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Accomplishments in Diabetes Research

City of Hope researchers have built the foundation of scientific knowledge upon which the understanding and treatment of diabetes are based.
 
Engineering synthetic insulin

In the late 1970s,  Arthur Riggs , Ph.D., and Keiichi Itakura, Ph.D., produced synthetic human insulin using bacteria. It became the first genetically engineered product approved by the Food and Drug Administration and today is used worldwide by millions of people with diabetes. The breakthrough made insulin more available and affordable and helped launch the biotechnology industry.
City of Hope researchers have made numerous breakthoughs, including in islet-cell transplantation and in the understanding of islet dysfunction.
 
Perfecting islet transplantation protocols

Fouad Kandeel , M.D., Ph.D., perfected clinical islet-cell transplantation protocols and has developed imaging methods that enable physicians to more monitor in real time the health of islets after transplantation.
 
Targeting diabetic complications

Rama Natarajan , Ph.D., and Jerry Nadler, M.D., conducted research dealing with diabetic complications and islet dysfunction. Their work has led to the identification of novel therapeutic targets and agents for the treatment of diabetic complications. Natarajan was also the first to demonstrate the role of epigenetics in diabetic vascular inflammation and in the metabolic memory phenomenon.

Her laboratory was also the first to demonstrate how microRNAs (small, non-coding RNAs) can cause the overproduction of collagen, which creates damage that can lead to kidney abnormalities and renal dysfunction. She used therapeutic interventions to block these microRNAs, slowing the cells’ harmful overproduction of collagen and other proteins and kidney damage.
 
 
Diagnosing type 1 diabetes sooner

Kevin Ferreri , Ph.D., has developed a new method of diagnosing type 1 diabetes. His research team detected unique markings on the DNA of insulin-producing cells. When these cells die during the progression of type 1 diabetes, the markings can be detected on DNA that circulates in the blood. This method can be used to diagnose type 1 diabetes before complications and can be used to test the effectiveness of new treatments.

To read about more of City of Hope researchers’ accomplishments, including the 1940s discovery by Rachmiel Levine, M.D., of insulin’s role in processing sugars, read our Diabetes Program History page. 
 

Accomplishments

Accomplishments in Diabetes Research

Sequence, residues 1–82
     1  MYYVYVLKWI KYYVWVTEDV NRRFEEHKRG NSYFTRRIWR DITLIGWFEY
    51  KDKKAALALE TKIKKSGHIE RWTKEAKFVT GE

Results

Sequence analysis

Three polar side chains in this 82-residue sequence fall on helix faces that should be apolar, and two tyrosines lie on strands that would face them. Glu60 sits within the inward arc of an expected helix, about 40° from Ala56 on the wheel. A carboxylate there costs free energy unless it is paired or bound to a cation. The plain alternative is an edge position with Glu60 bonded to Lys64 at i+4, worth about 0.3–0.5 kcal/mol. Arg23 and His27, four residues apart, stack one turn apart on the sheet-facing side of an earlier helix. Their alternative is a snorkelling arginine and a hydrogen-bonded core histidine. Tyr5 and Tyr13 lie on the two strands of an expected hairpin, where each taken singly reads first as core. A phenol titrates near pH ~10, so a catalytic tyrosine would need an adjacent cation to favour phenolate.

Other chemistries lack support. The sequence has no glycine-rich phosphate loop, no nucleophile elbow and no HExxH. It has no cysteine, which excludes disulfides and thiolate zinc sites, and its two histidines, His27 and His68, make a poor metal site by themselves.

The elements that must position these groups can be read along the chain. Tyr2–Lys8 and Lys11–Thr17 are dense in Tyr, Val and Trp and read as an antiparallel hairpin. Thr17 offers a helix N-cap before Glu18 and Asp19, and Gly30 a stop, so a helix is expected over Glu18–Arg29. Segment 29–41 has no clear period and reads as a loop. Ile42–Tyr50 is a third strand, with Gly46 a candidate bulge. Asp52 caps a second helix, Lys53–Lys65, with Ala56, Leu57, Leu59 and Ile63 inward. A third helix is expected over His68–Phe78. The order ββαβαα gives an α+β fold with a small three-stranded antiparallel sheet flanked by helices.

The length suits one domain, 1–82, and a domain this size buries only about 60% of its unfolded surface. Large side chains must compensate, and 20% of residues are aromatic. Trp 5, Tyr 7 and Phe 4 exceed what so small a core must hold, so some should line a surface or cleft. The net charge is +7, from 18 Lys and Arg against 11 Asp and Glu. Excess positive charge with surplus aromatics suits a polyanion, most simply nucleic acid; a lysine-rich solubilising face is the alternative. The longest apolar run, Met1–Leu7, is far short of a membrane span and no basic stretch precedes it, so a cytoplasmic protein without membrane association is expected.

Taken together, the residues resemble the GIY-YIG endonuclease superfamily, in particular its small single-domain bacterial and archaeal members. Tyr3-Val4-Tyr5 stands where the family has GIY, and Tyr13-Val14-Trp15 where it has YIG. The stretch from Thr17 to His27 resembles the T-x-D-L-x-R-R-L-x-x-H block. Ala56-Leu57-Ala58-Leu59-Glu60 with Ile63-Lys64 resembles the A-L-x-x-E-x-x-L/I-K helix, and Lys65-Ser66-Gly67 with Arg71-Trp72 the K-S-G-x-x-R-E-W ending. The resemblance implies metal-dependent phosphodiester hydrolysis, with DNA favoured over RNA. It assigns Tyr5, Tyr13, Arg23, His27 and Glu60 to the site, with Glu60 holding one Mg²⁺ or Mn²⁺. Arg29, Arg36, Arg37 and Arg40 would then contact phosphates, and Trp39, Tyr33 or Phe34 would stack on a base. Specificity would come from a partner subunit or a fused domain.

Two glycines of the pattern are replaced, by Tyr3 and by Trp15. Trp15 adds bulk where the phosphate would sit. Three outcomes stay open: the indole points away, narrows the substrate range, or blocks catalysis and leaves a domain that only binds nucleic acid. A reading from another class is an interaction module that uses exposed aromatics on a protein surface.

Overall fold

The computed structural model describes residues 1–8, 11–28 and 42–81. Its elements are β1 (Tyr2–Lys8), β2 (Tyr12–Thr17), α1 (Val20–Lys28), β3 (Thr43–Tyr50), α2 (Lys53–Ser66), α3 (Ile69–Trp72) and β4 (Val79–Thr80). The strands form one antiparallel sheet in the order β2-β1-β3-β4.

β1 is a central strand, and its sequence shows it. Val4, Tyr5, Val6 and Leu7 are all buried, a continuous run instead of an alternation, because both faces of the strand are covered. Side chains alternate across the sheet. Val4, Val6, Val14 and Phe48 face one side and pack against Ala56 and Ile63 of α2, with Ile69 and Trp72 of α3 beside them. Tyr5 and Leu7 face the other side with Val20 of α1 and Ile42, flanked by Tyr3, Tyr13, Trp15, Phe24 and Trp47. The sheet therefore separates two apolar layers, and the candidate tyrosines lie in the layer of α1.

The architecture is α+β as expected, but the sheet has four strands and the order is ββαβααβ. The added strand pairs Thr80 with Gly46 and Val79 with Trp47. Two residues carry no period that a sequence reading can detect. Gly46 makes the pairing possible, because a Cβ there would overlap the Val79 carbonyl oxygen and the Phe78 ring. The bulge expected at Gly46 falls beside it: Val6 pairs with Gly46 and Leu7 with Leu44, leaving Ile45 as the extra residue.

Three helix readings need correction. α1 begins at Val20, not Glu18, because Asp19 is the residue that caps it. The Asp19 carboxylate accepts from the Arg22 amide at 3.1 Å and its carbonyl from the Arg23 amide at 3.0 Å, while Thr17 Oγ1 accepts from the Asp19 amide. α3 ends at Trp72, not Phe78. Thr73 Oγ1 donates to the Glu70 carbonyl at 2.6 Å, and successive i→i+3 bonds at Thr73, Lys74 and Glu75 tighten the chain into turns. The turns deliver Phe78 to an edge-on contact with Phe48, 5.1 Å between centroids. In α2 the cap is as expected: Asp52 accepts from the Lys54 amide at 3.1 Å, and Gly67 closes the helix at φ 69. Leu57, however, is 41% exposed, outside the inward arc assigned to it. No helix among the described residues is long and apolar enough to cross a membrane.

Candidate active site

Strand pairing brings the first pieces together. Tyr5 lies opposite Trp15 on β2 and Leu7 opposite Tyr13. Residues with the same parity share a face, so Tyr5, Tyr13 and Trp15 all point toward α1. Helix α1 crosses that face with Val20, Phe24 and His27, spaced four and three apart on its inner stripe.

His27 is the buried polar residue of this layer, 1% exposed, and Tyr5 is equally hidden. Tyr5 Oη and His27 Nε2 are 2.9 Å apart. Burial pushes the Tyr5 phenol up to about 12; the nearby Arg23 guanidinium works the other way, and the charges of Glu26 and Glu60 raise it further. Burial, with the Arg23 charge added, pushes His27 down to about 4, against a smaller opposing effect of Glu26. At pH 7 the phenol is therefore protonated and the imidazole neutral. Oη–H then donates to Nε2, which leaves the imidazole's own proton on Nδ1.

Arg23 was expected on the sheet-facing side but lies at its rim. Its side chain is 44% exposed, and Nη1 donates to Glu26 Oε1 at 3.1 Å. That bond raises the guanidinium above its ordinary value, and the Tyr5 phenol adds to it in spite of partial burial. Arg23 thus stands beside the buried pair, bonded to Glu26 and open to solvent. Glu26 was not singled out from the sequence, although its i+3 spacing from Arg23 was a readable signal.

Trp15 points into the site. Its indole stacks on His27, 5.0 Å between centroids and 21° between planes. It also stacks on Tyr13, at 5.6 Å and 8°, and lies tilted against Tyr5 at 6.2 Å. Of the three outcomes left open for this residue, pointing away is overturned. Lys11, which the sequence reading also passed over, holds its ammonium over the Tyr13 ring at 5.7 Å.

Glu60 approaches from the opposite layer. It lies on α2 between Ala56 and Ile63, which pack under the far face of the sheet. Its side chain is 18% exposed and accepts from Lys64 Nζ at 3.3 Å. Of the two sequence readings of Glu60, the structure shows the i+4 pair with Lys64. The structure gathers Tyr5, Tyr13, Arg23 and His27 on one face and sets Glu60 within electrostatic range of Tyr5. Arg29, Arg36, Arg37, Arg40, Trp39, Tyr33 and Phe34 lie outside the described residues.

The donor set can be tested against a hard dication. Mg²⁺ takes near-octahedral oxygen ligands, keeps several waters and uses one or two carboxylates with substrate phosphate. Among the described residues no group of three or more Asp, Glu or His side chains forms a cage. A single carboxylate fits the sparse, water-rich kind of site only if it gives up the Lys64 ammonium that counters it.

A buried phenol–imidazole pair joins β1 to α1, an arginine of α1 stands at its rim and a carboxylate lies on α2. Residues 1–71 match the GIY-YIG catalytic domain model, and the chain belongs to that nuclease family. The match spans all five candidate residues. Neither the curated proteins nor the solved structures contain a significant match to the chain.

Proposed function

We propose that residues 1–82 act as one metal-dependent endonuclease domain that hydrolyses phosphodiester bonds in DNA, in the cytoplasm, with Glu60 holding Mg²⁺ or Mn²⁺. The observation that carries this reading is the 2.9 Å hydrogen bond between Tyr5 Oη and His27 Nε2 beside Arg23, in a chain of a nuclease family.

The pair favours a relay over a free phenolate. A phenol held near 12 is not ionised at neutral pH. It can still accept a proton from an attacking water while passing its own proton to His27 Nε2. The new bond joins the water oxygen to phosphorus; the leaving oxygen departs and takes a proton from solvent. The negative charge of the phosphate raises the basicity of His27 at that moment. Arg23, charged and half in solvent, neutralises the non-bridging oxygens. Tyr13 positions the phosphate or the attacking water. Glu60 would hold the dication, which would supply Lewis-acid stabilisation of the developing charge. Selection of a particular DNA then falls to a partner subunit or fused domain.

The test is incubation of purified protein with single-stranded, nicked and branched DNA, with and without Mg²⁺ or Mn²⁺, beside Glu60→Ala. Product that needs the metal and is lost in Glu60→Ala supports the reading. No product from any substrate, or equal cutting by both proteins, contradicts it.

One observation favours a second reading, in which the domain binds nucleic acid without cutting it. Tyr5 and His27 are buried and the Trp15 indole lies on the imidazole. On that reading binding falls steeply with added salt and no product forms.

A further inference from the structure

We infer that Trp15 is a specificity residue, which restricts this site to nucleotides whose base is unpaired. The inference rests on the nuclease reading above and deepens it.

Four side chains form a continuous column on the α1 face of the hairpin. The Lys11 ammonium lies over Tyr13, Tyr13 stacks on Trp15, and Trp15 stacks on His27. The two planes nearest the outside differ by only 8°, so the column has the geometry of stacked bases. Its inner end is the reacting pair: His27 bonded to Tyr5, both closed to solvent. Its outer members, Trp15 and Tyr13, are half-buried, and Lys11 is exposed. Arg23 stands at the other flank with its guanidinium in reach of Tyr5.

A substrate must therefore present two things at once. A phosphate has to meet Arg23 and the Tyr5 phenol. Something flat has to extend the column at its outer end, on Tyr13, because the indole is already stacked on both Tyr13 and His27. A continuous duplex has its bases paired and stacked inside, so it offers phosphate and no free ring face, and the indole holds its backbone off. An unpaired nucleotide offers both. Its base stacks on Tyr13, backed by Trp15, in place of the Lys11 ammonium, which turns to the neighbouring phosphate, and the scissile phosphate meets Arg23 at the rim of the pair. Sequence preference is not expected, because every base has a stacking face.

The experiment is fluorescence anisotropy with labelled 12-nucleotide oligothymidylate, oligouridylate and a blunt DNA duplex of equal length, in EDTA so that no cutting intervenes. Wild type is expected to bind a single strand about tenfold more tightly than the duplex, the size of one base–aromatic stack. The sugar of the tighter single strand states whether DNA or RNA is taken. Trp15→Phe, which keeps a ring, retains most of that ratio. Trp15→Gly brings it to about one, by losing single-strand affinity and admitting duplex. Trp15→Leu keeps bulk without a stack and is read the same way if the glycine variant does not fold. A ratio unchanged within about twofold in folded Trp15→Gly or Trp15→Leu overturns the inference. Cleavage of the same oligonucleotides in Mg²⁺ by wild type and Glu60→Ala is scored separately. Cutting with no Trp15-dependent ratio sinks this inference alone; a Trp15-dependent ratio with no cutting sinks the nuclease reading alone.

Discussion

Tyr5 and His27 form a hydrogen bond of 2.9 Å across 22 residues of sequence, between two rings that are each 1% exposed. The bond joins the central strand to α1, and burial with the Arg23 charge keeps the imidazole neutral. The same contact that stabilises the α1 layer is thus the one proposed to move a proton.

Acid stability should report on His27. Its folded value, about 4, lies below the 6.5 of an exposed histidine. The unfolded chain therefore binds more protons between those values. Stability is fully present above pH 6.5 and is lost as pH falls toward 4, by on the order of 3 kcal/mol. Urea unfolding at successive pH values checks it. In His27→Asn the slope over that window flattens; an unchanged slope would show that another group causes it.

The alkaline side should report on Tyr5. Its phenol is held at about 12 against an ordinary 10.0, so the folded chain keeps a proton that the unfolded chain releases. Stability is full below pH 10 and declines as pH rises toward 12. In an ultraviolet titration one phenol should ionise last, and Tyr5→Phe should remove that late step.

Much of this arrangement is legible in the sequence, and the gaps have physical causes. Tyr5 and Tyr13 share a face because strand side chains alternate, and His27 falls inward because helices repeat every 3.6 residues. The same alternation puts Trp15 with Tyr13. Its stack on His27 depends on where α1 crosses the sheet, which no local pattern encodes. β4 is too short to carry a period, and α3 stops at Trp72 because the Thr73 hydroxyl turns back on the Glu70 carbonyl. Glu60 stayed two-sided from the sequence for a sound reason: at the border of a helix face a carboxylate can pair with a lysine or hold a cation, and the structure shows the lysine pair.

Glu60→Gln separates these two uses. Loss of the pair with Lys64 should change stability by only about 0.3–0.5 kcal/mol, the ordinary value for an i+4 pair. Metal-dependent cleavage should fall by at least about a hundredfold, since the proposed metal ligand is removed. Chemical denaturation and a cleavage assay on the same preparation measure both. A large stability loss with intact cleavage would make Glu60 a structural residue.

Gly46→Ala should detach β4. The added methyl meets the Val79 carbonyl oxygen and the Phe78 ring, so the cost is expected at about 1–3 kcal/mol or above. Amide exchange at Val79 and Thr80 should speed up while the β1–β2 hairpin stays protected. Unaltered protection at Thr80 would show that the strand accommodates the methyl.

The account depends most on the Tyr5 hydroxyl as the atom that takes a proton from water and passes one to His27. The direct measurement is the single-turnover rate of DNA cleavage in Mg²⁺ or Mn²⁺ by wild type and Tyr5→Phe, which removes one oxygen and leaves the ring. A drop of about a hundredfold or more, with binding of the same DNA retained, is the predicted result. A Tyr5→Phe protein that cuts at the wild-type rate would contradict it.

City of Hope researchers have built the foundation of scientific knowledge upon which the understanding and treatment of diabetes are based.
 
Engineering synthetic insulin

In the late 1970s,  Arthur Riggs , Ph.D., and Keiichi Itakura, Ph.D., produced synthetic human insulin using bacteria. It became the first genetically engineered product approved by the Food and Drug Administration and today is used worldwide by millions of people with diabetes. The breakthrough made insulin more available and affordable and helped launch the biotechnology industry.
City of Hope researchers have made numerous breakthoughs, including in islet-cell transplantation and in the understanding of islet dysfunction.
 
Perfecting islet transplantation protocols

Fouad Kandeel , M.D., Ph.D., perfected clinical islet-cell transplantation protocols and has developed imaging methods that enable physicians to more monitor in real time the health of islets after transplantation.
 
Targeting diabetic complications

Rama Natarajan , Ph.D., and Jerry Nadler, M.D., conducted research dealing with diabetic complications and islet dysfunction. Their work has led to the identification of novel therapeutic targets and agents for the treatment of diabetic complications. Natarajan was also the first to demonstrate the role of epigenetics in diabetic vascular inflammation and in the metabolic memory phenomenon.

Her laboratory was also the first to demonstrate how microRNAs (small, non-coding RNAs) can cause the overproduction of collagen, which creates damage that can lead to kidney abnormalities and renal dysfunction. She used therapeutic interventions to block these microRNAs, slowing the cells’ harmful overproduction of collagen and other proteins and kidney damage.
 
 
Diagnosing type 1 diabetes sooner

Kevin Ferreri , Ph.D., has developed a new method of diagnosing type 1 diabetes. His research team detected unique markings on the DNA of insulin-producing cells. When these cells die during the progression of type 1 diabetes, the markings can be detected on DNA that circulates in the blood. This method can be used to diagnose type 1 diabetes before complications and can be used to test the effectiveness of new treatments.

To read about more of City of Hope researchers’ accomplishments, including the 1940s discovery by Rachmiel Levine, M.D., of insulin’s role in processing sugars, read our Diabetes Program History page. 
 
Overview
Beckman Research Institute of City of Hope is responsible for fundamentally expanding the world’s understanding of how biology affects diseases such as cancer, HIV/AIDS and diabetes.
 
 
Research Departments/Divisions

City of Hope is a leader in translational research - integrating basic science, clinical research and patient care.